To go from those lower notes on the saxophone to the upper notes, we need to first learn about an important transition.
In this lesson we’re going to learn about the octave key on alto saxophone.
Your Beginner Saxophone Quickstart
Thanks so much for joining me for part four of our Beginner Saxophone Quickstart course. Here’s quick reminder of what we’ve covered so far.
- In Part 1 we talked about putting our saxophone together and getting our first sound.
- In part 2 for alto and tenor, we talked about tonguing, and we learned our first song.
- In part 3, we learned a whole bunch of notes and another great song (find the alto and tenor lessons here).
But this is part 4, and today we’re talking about the alto saxophone.
If you’re a tenor saxophone player, or a soprano player, click here for your lesson.
Right, let’s get stuck in.
What is the octave key on alto saxophone?
So today I want to show you an important new key on the saxophone. And that’s on the back of our saxophone, called the octave key.
Now the octave key is important because it opens up the whole second octave of the saxophone.
And the coolest part about this is you can use all the notes you learned in the previous lesson again – but up an octave.
What is an octave?
If you haven’t heard the term octave before, it simply means the same note but eight notes above. Do you remember in the last lesson we spoke about how in music we use the first seven letters of the alphabet?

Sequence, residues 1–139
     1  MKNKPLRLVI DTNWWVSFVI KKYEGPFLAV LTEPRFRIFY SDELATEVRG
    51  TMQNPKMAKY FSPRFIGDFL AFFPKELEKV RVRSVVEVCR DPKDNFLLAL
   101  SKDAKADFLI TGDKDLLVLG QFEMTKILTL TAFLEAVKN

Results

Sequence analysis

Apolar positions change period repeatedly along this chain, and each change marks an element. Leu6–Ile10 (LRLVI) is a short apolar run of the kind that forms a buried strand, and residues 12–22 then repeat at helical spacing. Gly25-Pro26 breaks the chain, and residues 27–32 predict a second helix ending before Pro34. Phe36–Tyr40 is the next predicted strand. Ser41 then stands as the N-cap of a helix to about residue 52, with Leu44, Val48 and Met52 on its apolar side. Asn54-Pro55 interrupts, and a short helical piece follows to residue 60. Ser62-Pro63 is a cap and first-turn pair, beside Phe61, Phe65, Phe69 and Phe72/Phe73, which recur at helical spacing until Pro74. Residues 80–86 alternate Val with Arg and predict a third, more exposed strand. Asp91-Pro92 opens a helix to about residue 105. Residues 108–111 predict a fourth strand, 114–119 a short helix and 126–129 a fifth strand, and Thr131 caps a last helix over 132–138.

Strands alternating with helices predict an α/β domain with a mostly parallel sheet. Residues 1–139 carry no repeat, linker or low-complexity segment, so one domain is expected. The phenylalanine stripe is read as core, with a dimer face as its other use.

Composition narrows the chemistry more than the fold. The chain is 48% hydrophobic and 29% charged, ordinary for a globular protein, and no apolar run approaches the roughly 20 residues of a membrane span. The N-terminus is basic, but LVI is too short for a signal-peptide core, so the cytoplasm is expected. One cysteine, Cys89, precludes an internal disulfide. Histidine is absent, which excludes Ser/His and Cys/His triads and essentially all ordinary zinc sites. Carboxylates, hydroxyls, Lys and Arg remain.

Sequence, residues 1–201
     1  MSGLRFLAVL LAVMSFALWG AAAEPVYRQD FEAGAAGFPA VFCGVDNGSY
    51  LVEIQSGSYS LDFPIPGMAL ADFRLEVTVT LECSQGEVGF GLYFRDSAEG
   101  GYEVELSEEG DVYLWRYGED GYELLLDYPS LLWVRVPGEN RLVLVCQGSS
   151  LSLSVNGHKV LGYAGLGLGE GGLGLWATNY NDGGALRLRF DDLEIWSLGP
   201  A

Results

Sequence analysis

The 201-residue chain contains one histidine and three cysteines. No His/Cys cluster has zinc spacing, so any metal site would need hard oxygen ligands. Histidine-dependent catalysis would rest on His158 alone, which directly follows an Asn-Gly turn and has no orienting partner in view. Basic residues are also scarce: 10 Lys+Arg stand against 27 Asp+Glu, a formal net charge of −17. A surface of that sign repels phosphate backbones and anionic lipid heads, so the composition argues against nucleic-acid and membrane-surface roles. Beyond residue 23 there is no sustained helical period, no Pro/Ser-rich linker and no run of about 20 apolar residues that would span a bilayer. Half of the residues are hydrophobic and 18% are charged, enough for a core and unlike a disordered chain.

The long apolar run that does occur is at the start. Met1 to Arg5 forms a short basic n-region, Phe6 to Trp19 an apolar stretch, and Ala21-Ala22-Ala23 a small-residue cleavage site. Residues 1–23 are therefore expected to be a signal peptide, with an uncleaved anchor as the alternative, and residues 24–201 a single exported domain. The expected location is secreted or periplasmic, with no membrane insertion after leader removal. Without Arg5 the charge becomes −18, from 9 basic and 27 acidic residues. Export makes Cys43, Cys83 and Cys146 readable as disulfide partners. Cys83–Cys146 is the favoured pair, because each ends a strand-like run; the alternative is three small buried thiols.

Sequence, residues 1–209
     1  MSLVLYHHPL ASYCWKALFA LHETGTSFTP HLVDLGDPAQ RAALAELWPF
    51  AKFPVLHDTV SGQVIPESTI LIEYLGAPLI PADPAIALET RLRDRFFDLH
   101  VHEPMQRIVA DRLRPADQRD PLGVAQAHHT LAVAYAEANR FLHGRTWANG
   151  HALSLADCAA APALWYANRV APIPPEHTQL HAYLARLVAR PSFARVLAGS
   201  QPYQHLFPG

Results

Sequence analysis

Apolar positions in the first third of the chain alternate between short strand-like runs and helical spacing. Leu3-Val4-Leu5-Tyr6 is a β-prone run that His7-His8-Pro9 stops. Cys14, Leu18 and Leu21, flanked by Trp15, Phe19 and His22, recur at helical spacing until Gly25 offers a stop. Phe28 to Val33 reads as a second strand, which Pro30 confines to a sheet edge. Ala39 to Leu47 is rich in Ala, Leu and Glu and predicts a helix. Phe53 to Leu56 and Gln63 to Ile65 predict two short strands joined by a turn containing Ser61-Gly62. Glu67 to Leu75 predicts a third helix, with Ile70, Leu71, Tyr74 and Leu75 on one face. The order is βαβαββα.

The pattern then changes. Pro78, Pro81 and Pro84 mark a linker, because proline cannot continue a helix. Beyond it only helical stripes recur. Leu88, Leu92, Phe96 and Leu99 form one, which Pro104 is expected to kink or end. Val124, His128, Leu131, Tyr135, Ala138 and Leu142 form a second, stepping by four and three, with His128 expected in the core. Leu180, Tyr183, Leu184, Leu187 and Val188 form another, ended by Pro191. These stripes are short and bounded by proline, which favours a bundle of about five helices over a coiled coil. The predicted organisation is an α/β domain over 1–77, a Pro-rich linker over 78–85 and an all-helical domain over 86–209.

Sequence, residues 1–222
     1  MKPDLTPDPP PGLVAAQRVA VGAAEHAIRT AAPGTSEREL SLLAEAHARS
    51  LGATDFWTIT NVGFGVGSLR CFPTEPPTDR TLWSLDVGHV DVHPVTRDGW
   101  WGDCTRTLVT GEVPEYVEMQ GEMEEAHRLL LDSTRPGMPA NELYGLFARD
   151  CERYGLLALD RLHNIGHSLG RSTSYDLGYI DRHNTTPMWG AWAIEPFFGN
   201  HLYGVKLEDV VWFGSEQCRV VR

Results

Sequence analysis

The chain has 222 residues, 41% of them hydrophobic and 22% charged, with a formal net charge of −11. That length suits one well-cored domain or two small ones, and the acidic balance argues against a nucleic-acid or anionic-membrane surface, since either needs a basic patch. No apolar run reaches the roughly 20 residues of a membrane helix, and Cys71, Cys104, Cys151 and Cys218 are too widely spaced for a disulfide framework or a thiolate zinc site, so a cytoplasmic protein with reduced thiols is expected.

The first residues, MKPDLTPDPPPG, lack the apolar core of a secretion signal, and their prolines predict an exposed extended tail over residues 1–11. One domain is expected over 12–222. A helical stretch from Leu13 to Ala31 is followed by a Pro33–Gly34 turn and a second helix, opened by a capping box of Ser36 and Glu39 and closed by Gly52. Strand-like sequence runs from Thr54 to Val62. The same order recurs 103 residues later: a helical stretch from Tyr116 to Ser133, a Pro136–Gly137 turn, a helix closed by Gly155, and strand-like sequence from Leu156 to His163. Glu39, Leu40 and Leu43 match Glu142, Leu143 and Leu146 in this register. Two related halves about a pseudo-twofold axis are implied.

And when you go from A through to G, the next note above is A again. So A, B, C, D, E, F, G, A. So the distance between those two As is an octave.
And on the saxophone, we’ve got two and a half octaves to play around with in the standard range.
So, let’s now dig into how we can start to use the octave key on alto saxophone.
How to use the octave key
So the octave key that I mentioned at the start is what we use on the saxophone to get into the second octave. And we operate it using our left thumb.
Now you must use good movement when you’re operating the octave key. The best way to think about this is to put the heel of your thumb against the button on the back of the saxophone, and then just move the tip of your thumb in a rocking motion to activate the key.
What you want to avoid is any big movements where you’re moving your entire thumb, your hand, and your wrist around at the same time. Try and isolate that movement just to the tip of your thumb.
First note with the octave key
So let’s learn our first note with the octave key. We’re going to use the note D.
Now you’ll remember in the last lesson we learned note D as six fingers. So that’s the three fingers of the left hand and the three fingers of the right hand.
What I want you to do now is to pop all six fingers down as well as the octave key by just pivoting the tip of your thumb, to press down that octave mechanism.
Listen to what it sounds like.
Okay, let’s try that D together.
- Make a nice voo shape with your mouth
- Breathe deeply and push lots of air through the saxophone
- And you could also start this note with a tongue.
Here we go.
Transition from Middle D to C
Now we’re going to talk about how to move from a note with an octave key on, to a note with the octave key off.
So, what we’re going to do is go from the note D that we’ve just learned – middle D, down to the note C. Ooh, this is a tricky one.
Do you remember C from the last lesson? That’s simply just the middle finger of your left hand and nothing else.
Listen to how C sounds.
Okay, without playing, let’s work on that movement.
- So, let’s start with our fingers down for C.
- Now let’s add all six fingers and our octave key for D.